Despite poor start, Elliott ‘will find his game very soon,’ says former teammate Jake Allen

EDMONTON, AB - OCTOBER 12:  Goalie Brian Elliott #1 of the Calgary Flames skates against the Edmonton Oilers on October 12, 2016 at Rogers Place in Edmonton, Alberta, Canada. (Photo by Codie McLachlan/Getty Images)
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OK. So, Brian Elliott isn’t off to a good start in net for the Calgary Flames.

He has lost all three of his starts. He’s allowed 14 goals with a save percentage of only .839. Not good. Not good at all, especially considering the Flames acquired Elliott with the hopes of addressing their goaltending concerns from previous seasons.

Chad Johnson has instead started three of the last four games for Calgary.

Whether it’s Elliott or Johnson in net, the Flames have given up the most goals against in the league, while giving up 30.2 shots against per 60 minutes at five-on-five. That puts them 18th in the league at even strength.

But despite Elliott’s difficult start, a former Blues teammate of his has voiced support for the 31-year-old puck stopper, optimistically stating that a turnaround will happen.

“I wouldn’t worry one bit. That’s just my perspective,” Blues goalie Jake Allen told the Calgary Herald. “He’s one of the most competitive people I have ever met, and he will find his game very soon.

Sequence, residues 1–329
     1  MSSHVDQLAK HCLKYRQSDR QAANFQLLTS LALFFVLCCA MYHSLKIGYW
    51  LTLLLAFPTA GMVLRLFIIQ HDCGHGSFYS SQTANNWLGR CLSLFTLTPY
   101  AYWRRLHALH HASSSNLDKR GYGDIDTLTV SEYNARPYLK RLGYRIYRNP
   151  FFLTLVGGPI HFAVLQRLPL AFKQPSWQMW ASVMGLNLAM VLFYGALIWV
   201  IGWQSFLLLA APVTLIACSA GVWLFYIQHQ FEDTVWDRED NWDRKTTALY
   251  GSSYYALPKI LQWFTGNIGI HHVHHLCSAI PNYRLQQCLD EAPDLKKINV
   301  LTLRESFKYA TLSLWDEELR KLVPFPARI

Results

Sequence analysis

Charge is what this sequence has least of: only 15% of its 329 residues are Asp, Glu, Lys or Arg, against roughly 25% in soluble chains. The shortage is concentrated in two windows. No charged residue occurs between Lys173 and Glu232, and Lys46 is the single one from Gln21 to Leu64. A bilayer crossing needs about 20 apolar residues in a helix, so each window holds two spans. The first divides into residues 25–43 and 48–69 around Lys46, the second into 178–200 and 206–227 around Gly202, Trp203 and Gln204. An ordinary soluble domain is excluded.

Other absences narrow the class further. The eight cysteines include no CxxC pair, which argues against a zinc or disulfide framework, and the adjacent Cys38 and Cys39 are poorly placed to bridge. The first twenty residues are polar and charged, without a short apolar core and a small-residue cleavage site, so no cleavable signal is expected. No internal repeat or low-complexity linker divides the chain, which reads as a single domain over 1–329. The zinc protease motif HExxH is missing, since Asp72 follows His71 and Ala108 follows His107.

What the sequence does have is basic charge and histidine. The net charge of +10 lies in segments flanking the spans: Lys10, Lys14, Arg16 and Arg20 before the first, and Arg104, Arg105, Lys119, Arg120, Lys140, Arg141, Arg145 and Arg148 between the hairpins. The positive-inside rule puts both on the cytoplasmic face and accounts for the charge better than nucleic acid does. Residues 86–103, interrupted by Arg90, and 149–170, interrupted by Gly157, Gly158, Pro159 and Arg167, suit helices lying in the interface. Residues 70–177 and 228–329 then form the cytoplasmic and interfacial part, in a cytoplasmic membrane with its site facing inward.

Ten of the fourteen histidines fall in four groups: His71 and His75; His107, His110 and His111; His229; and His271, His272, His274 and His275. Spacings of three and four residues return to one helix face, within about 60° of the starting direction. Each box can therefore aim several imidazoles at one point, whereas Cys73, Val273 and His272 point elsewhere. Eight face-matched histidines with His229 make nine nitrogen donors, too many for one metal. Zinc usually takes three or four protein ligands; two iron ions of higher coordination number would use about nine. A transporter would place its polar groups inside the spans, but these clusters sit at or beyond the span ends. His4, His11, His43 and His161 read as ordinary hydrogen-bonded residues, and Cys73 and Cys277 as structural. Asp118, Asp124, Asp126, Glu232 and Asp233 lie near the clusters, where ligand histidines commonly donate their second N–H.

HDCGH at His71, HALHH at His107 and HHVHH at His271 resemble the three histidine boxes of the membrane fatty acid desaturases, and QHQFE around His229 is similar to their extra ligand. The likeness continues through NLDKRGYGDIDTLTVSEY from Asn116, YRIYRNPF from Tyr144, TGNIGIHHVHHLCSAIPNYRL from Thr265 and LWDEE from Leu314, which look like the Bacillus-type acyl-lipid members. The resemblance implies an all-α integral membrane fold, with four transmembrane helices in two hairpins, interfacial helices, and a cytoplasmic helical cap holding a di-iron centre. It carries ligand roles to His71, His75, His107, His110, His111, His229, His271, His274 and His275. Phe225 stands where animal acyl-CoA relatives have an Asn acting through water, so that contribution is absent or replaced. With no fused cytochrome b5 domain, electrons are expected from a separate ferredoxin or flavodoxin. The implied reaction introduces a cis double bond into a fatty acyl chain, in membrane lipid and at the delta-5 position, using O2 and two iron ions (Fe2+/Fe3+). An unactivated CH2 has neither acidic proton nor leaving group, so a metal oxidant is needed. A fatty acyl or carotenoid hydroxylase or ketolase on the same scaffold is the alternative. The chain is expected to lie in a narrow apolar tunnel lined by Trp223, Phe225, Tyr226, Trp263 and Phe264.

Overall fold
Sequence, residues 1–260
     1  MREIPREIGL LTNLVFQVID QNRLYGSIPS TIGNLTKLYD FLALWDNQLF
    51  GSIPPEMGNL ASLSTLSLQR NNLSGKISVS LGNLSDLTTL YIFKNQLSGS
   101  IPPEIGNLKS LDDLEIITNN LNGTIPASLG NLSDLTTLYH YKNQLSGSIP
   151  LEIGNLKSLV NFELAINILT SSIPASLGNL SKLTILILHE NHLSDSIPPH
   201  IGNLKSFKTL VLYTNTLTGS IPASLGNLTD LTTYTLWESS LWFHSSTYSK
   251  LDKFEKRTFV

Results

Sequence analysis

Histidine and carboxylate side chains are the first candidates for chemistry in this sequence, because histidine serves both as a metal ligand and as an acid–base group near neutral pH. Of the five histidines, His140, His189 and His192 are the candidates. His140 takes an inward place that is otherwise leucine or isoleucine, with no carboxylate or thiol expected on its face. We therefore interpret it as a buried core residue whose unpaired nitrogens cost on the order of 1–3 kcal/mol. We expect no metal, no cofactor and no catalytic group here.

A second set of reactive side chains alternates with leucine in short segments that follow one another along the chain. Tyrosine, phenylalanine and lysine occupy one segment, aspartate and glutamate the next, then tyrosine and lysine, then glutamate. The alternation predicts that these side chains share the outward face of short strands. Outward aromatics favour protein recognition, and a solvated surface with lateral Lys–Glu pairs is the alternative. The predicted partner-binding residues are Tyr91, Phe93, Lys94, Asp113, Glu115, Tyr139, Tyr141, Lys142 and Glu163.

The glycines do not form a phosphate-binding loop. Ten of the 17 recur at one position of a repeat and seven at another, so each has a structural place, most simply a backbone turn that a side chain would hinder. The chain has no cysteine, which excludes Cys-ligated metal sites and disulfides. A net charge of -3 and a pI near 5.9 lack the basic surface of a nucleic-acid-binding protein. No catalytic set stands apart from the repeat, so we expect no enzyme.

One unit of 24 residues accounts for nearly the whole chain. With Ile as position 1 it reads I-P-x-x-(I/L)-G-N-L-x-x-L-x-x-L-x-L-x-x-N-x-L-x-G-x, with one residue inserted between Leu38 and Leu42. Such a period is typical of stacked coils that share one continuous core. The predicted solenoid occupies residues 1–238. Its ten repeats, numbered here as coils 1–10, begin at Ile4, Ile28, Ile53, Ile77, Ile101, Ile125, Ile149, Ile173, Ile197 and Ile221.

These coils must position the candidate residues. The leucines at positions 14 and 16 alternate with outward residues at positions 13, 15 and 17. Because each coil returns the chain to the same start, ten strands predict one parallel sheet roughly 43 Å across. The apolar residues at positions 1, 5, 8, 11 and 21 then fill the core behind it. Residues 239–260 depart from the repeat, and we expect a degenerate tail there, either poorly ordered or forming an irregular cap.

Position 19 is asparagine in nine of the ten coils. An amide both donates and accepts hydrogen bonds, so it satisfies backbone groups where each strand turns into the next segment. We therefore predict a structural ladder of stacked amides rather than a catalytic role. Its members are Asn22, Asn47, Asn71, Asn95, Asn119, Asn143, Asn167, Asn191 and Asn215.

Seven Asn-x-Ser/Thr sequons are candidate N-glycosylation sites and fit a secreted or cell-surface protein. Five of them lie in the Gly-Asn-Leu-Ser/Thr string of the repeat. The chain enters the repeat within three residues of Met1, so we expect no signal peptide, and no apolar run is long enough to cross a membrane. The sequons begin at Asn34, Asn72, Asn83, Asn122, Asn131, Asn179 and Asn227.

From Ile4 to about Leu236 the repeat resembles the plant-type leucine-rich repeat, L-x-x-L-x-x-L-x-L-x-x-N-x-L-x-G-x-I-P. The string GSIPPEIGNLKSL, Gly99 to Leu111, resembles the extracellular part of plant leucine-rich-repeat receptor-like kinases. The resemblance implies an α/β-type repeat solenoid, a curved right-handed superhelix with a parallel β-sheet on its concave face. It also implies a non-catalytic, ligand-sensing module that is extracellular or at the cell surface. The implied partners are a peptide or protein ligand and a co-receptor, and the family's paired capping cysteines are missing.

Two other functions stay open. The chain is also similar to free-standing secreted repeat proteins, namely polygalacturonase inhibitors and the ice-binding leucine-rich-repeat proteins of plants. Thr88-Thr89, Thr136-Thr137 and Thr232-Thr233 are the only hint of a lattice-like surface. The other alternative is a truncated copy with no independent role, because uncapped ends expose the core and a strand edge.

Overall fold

“Obviously, he wanted to get off to a good start (in Calgary), that’s first and foremost, but if it doesn’t go that way, he will rebound and find it. I’m 100 (per cent) about that. I wouldn’t be too concerned if I was a Flames fan.”

That’s reassuring. Maybe.

Elliott enjoyed five strong seasons in St. Louis, playing alongside Allen for three of those seasons. But St. Louis was — and still is — a very structured team under head coach Ken Hitchcock, which certainly bodes well for goalies.

It’s still very early in Elliott’s tenure in Calgary, which also has a new head coach in Glen Gulutzan.

The coach will have an interesting decision coming up next week, with the Flames making a quick two-game stop in the Central Division. They’ll face the Chicago Blackhawks on Monday and the Blues the following night.

Elliott didn’t get a chance to face his old team Saturday. Perhaps he’ll get that opportunity in St. Louis on Tuesday.

Video: Parise becomes third Minnesota-born NHL player to score 300 goals

DENVER, CO - OCTOBER 08:  Zach Parise #11 of the Minnesota Wild celebrates his goal against the Colorado Avalanche as the Avalanche held a 3-1 lead in the second period at Pepsi Center on October 8, 2015 in Denver, Colorado.  (Photo by Doug Pensinger/Getty Images)
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Zach Parise on Sunday scored his 300th career NHL goal, a milestone that puts him in rare company.

Parise got the Wild on the board early in the second period versus the New York Islanders, becoming only the third Minnesota-born player to reach 300 career NHL goals.

As per the Wild, Parise joins Dave Christian, who scored 340 goals and 773 points in 1,009 career games, and defenseman Phil Housley, who scored 338 goals and 1,232 points in 1,495 games.

Parise added goal No. 301 of his career later in the second period.